Monday’s big drop in U.S. stocks was unusual in this period of frequent market routs–and unusual in an important way.
Even as the market has tumbled day after day, investors haven’t seen a big 90% down day of the kind that signals a (perhaps temporary) capitulation and a possible bottom.
The advance/decline ratio on the stocks in the Standard & Poor’s 100, even on down days, would show 60 stocks down and 40 up or 54 down and 46 up.
Hardly a ratio that signaled investors throwing up their hands.
But on Monday they did. In that day’s trading 94 stocks out of the S&P 100 fell and only 6 advanced. That’s the kind of ratio that can signal a capitulation and the kind of selling climax that often clears the way for the market to move higher.
In the current circumstances I think any move higher is likely to be temporary and unlikely to be strong enough to put an end to the bear market. But Monday’s action is what I’d expect to see before a bounce. Maybe on tomorrow’s news from the Federal Reserve on interest rates.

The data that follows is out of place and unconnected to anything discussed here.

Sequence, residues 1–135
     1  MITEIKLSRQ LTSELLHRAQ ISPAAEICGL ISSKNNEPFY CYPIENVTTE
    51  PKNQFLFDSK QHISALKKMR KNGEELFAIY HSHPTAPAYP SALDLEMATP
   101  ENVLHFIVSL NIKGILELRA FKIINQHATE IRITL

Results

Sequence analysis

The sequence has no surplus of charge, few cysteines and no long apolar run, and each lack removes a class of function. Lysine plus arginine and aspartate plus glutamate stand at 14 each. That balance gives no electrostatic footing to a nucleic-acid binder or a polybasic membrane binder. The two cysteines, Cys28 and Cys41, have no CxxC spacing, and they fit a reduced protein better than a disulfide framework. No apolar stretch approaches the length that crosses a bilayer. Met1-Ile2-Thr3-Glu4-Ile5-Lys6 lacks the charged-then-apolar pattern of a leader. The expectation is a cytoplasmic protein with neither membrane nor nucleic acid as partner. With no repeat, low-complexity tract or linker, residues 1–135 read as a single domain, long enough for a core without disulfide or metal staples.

Today, as of 2:45 p.m. New York time the Standard & Poor’s 500 was down 0.15% but the Dow Jones Industrial Average was ahead 0.16%. The NASDAQ Composite was up 0.25% and the small cap Russell 2000 index was higher by 0.32%.
The Financial Select Sector SPDR ETF (XLF) was down 0.56% and the Energy Select Sector SPDR ETF (XLE) was lower by 2.44%. That left the heavy lifting to the Technology Select Sector SPDR ETF (XLK), which gained 0.60%.
The iShares MSCI Emerging Markets ETF (EEM) was up 0.73%.